Archive for August, 2009

Snow Leopard Problems

August 31, 2009 6 comments


The first system I tried Snow Leopard on was my 1st generation Macbook. I expected some problems installing onto a hackintosh but all the reports I have read so far say the Leopard to Snow Leopard upgrade works just fine. Unfortunately this hasn’t been the case with my Macbook.

Before starting the upgrade I made a full backup to an external hard drive. The Snow Leopard upgrade is fairly straightforward, there are few options you can change now so it’s just a case of insert the DVD and go through the installer steps. After installation there were immediate problems visible, starting with many missing items at the right side of the menu bar. No time, no iStat menu’s and other items missing. I’ve since found out that iStat menu’s has problems with Snow Leopard, but trying to go into System Preferences> Date & Time>Clock just caused System Preferences to hang and needing a Force Quit. It looked like there was a conflict somewhere, so I tried again. Read more…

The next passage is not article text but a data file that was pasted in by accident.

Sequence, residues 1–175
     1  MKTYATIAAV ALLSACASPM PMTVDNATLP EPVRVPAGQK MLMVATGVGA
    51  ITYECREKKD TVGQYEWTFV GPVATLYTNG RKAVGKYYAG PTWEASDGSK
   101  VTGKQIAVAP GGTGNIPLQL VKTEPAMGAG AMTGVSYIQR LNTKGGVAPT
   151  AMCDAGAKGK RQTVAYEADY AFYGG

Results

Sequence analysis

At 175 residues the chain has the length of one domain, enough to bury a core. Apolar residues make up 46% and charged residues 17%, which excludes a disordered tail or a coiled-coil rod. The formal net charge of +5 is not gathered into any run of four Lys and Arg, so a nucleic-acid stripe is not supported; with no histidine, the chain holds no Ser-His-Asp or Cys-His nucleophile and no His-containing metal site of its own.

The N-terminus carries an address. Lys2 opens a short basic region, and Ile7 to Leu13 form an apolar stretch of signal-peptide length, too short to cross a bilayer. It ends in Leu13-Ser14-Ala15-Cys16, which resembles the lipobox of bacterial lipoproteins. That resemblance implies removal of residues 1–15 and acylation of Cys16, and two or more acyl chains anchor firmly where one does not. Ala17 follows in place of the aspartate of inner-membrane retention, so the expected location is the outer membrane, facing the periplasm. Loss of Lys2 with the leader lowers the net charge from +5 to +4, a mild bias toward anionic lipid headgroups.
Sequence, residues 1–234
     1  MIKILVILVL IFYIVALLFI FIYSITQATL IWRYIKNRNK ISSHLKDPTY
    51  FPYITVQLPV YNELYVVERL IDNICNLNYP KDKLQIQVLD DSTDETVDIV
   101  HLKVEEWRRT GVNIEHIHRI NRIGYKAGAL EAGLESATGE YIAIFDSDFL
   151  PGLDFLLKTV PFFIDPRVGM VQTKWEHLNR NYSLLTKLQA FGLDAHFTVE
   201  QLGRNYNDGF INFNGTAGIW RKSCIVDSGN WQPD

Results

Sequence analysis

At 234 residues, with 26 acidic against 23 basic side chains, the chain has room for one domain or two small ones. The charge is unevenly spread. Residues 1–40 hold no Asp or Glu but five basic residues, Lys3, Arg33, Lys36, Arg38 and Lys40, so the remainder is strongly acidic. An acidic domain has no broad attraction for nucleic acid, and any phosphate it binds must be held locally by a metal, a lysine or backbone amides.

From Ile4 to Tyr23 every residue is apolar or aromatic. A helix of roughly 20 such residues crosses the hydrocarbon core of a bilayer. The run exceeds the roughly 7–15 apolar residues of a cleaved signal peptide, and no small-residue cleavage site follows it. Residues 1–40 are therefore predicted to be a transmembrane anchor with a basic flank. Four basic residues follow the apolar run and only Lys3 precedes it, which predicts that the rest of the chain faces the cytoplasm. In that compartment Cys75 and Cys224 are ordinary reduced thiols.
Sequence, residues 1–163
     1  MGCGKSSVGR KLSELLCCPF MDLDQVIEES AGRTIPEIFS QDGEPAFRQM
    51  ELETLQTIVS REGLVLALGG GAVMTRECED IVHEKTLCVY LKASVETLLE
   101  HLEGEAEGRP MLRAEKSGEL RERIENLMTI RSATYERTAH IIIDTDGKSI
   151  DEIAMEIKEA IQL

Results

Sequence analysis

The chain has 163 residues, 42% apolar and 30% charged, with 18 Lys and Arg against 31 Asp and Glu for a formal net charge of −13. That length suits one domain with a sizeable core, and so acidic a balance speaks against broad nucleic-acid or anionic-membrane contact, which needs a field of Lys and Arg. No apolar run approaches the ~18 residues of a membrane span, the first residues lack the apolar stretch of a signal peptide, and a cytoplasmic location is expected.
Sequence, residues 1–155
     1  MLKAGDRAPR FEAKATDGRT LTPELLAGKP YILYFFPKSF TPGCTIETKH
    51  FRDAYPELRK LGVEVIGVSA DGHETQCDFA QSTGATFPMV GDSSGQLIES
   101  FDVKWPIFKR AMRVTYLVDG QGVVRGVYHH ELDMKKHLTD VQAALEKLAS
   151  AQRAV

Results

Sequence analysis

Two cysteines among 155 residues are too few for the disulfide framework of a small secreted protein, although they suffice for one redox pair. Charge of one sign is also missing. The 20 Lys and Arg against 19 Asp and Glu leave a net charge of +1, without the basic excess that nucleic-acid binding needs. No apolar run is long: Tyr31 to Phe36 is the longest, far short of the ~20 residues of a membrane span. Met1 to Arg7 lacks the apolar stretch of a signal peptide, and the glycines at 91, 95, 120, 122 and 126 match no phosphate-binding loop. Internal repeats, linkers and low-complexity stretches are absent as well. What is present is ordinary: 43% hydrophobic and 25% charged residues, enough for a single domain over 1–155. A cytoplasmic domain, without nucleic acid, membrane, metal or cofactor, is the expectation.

10.5.8 on Hackintosh

August 28, 2009 2 comments

Snow_Leopard_BoxSnow Leopard is released today which means the focus of the hackintosh scene will quickly shift to the latest release. I picked up my Copy of the Snow Leopard Family Pack on the way home from work today and will by attempting a hackintosh install over the weekend, as a fresh install. My three hackintosh’s will be staying as they are until all the bugs are ironed out and Snow leopard is stable on non-Apple hardware.